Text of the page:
We gave it an A-
If you had to criticize one thing about Lorrie Moore — and I don’t know why you would, because she’s awesome — it might be that her humor and her world-weary sense of the absurd are almost too distinctive. An improbable number of characters in her stories, after all, say the same sort of weird, bleakly hilarious stuff. It’s a bit like the restaurant scene in Being John Malkovich where everyone, male and female, has John Malkovich’s face.
But I don’t have the heart to really complain about any of this: I’ve been addicted to Moore’s voice for a long time now and want more, not less, of it. Her new collection, Bark, rounds up a decade’s worth of short stories, the most perfect of which ran in The New Yorker. Moore’s characters still use sarcasm and cynicism as their sword and shield. They still tiptoe shamelessly up to the edge of stand-up comedy to impress one another (” ‘I did phone the pest removal place but they charge a thousand dollars. I said, Where are you taking them to, Europe?’ ”). And in their quest for happiness — or at least a halfway-fulfilling relationship in a suburb two towns over from happiness — they still careen between anger and self-loathing. In Moore’s earlier books, her jittery, cerebral characters suspected that life and love were going to disappoint them. Now they know for sure. ”Rage had its medicinal purposes,” Moore writes in ”Paper Losses,” ”but she was not wired to sustain it and when it tumbled away, loneliness engulfed her, grief burning at the center in a cold blue heat.”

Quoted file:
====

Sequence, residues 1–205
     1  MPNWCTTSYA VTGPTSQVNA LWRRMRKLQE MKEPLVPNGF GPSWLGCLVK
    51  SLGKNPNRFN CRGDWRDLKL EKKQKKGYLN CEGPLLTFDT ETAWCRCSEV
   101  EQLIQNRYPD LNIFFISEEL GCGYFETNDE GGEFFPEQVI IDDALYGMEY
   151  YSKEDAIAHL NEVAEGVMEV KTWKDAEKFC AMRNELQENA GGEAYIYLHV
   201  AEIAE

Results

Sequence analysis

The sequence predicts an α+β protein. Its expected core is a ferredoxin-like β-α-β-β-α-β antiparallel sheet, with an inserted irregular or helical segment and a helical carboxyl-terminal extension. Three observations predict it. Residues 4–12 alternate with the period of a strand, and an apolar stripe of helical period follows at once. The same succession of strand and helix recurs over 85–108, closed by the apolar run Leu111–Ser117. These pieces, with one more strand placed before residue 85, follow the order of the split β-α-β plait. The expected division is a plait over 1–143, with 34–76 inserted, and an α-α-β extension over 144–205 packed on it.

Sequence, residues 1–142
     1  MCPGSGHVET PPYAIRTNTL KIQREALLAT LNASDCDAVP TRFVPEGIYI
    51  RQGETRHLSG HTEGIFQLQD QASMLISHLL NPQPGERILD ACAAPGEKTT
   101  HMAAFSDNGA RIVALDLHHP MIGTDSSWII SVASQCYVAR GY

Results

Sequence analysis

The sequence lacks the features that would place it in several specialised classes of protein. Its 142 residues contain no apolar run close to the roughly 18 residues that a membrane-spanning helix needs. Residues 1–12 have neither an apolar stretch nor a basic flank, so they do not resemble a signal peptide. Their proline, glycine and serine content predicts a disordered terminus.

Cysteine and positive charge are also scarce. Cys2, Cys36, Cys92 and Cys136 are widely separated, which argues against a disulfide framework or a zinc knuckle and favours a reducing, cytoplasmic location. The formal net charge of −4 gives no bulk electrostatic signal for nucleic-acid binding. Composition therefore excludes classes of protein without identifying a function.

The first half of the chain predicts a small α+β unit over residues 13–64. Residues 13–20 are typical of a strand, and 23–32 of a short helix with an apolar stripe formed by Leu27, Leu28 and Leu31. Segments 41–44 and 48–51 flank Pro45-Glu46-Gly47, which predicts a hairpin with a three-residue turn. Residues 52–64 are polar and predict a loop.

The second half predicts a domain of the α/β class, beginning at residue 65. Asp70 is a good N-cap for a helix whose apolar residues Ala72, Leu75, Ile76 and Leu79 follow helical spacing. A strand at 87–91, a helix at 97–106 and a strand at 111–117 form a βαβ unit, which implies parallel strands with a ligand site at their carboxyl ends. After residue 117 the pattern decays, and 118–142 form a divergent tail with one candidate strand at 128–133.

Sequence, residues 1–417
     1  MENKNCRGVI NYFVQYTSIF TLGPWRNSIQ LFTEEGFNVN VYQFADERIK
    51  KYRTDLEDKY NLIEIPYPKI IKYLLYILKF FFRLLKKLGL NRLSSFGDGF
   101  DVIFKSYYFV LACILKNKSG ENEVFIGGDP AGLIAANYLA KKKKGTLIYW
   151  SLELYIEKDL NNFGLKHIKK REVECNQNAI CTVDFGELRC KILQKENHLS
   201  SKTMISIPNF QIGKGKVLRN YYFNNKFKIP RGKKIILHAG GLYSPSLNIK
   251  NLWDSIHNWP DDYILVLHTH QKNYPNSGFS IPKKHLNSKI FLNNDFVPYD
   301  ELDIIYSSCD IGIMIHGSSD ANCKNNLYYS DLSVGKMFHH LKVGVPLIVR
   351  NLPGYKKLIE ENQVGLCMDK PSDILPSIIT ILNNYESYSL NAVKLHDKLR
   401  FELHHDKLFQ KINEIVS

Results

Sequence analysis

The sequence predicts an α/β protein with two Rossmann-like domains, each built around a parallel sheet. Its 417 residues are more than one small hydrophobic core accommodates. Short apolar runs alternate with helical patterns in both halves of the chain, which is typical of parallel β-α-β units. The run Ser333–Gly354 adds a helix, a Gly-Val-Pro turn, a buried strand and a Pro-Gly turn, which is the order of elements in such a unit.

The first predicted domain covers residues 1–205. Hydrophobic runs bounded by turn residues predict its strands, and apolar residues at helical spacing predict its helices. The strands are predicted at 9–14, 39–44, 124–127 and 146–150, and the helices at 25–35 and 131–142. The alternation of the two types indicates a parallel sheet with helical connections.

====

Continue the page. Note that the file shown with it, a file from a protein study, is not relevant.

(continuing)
Bark has a few less fully formed stories — is it strange to say a 192-page book feels padded? — but it’s also got a stunner out of left field called ”Referential.” The story is an homage to Nabokov, and concerns a mother visiting her violently disturbed and heartbreaking 12-year-old son in an institution, all the while worrying that her increasingly distant boyfriend, Pete, is about to bail on her for good. ”Referential” arrives late in the collection like a storm system, clearing away your preconceptions of what the author is capable of. I can’t say that it’s Moore at her best, but only because she’s been so good so many times before. A-